Six Impossible Things

A Blog About Fiction and Reading

Fables: 1001 Nights of Snowfall

FablesFables: 1001 Nights of Snowfall by Bill Willingham


I’ll tell you, without Sandman being a part of comics anymore, it’s been hard for me to get interested in a lot of the modern stories.  They seem to be lacking in a lot of areas, particularly in the depth and resonance of the stories.  Vertigo has gone from indicating quality, and more toward indicating “dark,” or “gritty.”  They aren’t necessarily good, though.

Fables has caught my attention.  It may not replace Sandman as my favorite comic, but it’s filling the appropriate niche for me.  The premise of the story is that all of the characters from fable and fairy tales are real, and they’re living in New York City.  The human characters (Snow White, Red Riding Hood, Goldilocks, etc.), live among the real people, but they never age or grow, and they’re constantly on watch for being exposed.  The non-human characters (the three pigs, the three blind mice, the dish and the spoon), all live at the Farm, out of necessity.  The premise allows for some wild and interesting stories, and Bill Willingham takes many liberties with the traditional fairy tale characters to great success (Goldilocks turns out to be a revolutionary for liberation of the farm in one of the story arcs) .

1001 Nights of Snowfall is a standalone volume that exists outside of the normal chronology, before all of the modern events happen within the world of Fables.  The volume stands as a retelling of our favorite fairy tales, and even includes a few new ones.  Of particular note is the story of the witch, who reveals herself to be the one witch who appears in all of the classic fairy tales.  It’s an interesting origin story for that archetype, and it’s very creative.  Surrounding all of the stories is a retelling of the 1001 Arabian Nights, this time told by Snow White to the Arabian sultan.  In fact, it’s less a retelling than it is a prelude to the stories we think we know so well.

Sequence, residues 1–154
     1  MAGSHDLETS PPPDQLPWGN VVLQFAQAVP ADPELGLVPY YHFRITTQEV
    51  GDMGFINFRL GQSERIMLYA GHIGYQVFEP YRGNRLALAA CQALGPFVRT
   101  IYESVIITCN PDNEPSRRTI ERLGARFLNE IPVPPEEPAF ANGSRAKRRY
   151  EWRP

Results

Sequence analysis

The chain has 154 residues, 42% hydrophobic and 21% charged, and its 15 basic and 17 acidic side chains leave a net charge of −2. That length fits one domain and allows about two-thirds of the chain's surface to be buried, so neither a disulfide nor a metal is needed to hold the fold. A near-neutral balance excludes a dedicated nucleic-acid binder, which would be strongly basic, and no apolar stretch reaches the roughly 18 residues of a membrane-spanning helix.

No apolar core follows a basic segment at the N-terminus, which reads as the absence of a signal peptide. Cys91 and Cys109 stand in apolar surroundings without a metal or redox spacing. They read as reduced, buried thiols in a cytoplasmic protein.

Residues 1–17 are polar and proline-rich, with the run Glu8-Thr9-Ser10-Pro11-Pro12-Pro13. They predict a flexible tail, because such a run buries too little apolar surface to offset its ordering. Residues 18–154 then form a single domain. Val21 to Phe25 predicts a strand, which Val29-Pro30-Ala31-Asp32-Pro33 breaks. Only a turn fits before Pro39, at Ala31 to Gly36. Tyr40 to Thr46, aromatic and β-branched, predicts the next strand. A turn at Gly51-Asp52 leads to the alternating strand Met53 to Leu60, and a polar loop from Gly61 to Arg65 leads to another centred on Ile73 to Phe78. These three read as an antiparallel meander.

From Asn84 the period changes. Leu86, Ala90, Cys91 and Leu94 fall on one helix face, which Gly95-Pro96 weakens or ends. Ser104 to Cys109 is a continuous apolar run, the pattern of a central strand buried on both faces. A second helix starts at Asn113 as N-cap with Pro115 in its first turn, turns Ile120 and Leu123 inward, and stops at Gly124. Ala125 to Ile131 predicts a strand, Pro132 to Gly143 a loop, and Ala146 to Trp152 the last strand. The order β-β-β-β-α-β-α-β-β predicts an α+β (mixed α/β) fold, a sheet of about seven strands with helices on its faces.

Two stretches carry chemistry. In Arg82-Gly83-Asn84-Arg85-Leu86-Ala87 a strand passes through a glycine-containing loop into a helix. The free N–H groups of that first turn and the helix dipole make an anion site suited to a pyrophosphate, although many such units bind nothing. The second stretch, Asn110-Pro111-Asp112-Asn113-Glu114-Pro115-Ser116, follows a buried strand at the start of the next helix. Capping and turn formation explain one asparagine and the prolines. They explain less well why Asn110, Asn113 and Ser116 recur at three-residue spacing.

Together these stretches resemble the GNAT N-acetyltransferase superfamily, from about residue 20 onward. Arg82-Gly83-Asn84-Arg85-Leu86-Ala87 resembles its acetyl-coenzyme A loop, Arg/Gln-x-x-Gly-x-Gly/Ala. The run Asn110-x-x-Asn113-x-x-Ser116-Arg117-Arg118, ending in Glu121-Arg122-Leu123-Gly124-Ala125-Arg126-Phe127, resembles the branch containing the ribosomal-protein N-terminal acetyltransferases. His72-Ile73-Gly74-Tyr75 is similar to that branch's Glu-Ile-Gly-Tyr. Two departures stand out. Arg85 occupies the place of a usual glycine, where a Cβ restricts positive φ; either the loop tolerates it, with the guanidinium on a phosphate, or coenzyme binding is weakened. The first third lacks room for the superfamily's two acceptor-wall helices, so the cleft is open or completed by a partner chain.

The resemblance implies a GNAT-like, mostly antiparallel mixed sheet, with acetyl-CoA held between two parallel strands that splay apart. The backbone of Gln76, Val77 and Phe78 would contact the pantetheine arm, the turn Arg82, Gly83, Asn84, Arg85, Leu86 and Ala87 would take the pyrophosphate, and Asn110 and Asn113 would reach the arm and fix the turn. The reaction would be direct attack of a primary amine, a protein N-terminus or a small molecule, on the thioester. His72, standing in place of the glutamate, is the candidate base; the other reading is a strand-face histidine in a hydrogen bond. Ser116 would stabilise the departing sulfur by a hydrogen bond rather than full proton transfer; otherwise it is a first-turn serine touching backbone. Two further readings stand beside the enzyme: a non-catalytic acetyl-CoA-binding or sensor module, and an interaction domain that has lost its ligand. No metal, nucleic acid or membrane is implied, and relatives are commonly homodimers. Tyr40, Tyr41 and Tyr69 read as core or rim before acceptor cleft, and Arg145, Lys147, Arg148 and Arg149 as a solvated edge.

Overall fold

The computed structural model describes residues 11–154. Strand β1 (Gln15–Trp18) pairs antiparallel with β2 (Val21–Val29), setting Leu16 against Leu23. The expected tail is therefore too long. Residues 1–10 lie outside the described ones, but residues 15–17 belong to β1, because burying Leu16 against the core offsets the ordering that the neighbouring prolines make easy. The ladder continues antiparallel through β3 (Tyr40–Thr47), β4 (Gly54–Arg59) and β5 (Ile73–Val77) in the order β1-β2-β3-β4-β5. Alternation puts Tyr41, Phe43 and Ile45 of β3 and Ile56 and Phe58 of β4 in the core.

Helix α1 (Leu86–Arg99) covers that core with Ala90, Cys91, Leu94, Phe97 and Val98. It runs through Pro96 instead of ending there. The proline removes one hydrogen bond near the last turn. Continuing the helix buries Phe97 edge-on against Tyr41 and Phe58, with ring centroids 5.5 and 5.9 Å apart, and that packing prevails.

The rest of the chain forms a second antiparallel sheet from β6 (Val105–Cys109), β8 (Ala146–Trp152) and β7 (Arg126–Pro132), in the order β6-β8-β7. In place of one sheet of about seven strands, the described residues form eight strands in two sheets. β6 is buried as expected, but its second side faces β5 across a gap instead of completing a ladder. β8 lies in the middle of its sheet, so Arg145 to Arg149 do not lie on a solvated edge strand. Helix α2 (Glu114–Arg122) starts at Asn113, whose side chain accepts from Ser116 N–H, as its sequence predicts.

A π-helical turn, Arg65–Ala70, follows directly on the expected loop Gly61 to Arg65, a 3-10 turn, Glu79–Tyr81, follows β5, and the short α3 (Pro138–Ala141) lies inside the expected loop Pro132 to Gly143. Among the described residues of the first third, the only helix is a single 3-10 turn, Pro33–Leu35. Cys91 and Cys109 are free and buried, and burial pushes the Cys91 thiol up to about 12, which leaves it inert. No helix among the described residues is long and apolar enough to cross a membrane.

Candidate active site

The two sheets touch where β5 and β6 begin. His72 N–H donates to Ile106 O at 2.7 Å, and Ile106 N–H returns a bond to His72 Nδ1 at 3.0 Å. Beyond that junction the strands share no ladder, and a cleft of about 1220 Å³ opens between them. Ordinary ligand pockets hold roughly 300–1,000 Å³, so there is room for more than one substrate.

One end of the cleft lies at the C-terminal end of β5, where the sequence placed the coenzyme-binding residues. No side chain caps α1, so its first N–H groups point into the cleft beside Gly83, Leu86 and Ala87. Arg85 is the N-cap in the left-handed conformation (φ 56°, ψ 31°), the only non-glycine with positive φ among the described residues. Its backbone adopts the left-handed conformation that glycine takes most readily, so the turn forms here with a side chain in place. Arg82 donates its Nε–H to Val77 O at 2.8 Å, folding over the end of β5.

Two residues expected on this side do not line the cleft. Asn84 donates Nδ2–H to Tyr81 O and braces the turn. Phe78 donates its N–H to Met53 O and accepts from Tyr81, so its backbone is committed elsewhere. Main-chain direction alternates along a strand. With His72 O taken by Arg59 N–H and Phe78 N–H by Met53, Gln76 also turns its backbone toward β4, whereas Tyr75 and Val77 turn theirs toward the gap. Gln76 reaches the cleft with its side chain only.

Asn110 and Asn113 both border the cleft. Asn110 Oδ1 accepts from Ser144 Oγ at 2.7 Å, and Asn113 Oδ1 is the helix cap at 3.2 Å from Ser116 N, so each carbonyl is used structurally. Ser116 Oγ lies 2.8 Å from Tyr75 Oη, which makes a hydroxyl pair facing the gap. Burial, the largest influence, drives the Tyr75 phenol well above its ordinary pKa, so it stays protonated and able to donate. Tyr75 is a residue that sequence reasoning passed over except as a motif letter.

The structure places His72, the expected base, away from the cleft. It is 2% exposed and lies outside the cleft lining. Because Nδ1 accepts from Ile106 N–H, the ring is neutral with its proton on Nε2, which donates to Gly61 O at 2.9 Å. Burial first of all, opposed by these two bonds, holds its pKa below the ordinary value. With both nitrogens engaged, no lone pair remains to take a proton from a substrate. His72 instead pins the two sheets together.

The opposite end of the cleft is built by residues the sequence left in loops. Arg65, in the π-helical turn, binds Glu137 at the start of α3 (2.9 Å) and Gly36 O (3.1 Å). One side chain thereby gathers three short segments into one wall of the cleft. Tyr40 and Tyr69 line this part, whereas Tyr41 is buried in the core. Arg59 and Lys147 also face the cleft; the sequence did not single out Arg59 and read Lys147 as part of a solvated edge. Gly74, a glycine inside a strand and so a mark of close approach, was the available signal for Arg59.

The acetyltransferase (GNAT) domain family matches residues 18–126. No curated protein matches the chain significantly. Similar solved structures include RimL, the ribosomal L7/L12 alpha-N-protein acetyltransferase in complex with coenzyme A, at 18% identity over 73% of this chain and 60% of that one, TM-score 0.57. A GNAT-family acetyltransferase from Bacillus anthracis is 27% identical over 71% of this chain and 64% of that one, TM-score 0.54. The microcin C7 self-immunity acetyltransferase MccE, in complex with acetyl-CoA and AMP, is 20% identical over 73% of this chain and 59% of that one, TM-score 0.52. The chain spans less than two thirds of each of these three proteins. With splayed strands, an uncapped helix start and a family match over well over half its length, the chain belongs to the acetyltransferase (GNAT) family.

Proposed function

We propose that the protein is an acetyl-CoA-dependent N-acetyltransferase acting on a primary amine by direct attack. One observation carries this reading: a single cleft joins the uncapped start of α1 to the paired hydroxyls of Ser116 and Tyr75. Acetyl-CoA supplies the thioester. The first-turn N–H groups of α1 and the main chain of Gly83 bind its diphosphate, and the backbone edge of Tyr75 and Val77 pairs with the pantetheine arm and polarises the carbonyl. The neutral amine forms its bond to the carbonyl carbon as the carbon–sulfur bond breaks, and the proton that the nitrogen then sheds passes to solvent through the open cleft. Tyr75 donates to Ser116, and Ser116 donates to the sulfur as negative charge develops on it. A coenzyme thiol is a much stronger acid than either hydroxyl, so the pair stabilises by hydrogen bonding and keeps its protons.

I enjoy the series, but I don’t feel compelled to own them, like I did with Sandman.  The stories don’t seem to maintain the same interest for me outside of the stories themselves.  They don’t resonate with me the same way, and they lack some of the timeless feel that Neil Gaiman brought to his series.  Still, I’ll continue reading the series, since it’s creative and ingenious.  Besides, I’m a sucker for retellings of fairy tales, even in cartoons (“Fractured Faiy Tales,” anyone?).


January 29, 2007 Posted by | Adult Fiction, Graphic Novels | Leave a comment

La Perdida

PerdidaLa Perdida by Jessica Abel


I don’t know what caught my attention about this graphic novel, but catch my attention it did. It came through the library, and the cover caught my eye enough to get me to start flipping through it, and before I knew it, the bookdrop was being neglected, and I was about a quarter of the way through the story. So, yes, I was hooked.

Abel’s name didn’t ring a bell with me, but she’s a well-respected artist, enough so that Scott “Understanding Comics” McCloud wrote a blurb for the back of the book. La Perdida is the story of Carla, an expatriate from the US whose father was from Mexico, so she goes to Mexico to discover her culture and her roots. She hooks up with an old boyfriend, who introduces her to some other expatriates, who in turn connect her to some revolutionaries. Carla wants to become the real thing in Mexico, and not be just another tourist, so she slowly alienates herself from the expatriates and starts to gravitate toward the revolutionaries. Of course, this doesn’t mean that she necessarily believes in the same things as the revolutionarie; she’s just more interested in fitting in.

The story grows complicated from there, but never becomes too hard to follow.  You might find yourself wanting to yell at Carla, in much the same way you might want to yell at the people on screen in a horror movie.  “Don’t go in there!”, and all that nonsense.  Carla makes some bad decisions throughout the story, and it gets harder and harder to sympathize with her, because she keeps putting herself into these situations.  The only saving grace is that she’s young, and wants to fit in, and we’ve all been in that situation in our lives.  The intrigue and deception helps to add to an already compelling story, but it didn’t resonate with me like I was hoping it would.  It just seemed to be missing something, but I couldn’t tell you what that is.

If nothing else, this is a good example of a mainstream graphic novel, and it shows how standard storytelling benefits from the graphic format.  If you know people who are resistant to accepting the graphic storytelling format, recommend La Perdida to them; it just might win them over through its traditional story.

(And if that doesn’t work, show them A History of Violence.)

January 29, 2007 Posted by | Graphic Novels, Reviews | Leave a comment